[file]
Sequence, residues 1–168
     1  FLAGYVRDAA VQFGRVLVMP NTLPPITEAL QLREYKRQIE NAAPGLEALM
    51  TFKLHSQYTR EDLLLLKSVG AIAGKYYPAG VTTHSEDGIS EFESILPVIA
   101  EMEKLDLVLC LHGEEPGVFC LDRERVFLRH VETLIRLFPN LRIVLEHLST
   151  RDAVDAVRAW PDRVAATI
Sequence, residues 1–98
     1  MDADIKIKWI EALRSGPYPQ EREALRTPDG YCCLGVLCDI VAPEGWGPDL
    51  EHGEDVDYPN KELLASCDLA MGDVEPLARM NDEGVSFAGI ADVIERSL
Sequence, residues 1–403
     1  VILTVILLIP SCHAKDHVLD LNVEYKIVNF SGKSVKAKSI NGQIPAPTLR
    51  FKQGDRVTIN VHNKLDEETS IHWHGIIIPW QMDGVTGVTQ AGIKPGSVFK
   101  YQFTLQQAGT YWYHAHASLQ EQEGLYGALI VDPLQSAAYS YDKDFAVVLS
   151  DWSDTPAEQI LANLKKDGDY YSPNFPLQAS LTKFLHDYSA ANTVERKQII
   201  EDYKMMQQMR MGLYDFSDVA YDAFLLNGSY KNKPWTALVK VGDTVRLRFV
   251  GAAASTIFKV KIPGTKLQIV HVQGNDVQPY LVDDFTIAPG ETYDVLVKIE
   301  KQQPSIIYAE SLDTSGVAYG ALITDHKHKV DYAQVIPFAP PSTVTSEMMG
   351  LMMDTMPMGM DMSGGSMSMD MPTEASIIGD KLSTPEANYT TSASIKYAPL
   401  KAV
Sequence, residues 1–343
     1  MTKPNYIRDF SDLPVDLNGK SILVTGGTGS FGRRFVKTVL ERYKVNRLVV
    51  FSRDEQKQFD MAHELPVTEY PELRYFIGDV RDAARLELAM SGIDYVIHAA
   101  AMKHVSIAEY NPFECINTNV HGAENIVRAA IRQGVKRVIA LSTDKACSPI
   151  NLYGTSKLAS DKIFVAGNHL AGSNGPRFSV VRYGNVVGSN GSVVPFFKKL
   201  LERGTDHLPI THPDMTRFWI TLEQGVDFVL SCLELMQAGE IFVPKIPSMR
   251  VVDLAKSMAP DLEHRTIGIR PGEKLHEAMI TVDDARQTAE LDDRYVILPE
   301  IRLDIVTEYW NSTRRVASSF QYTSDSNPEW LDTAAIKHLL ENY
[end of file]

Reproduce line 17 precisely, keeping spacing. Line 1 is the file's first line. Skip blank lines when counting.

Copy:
   351  LMMDTMPMGM DMSGGSMSMD MPTEASIIGD KLSTPEANYT TSASIKYAPL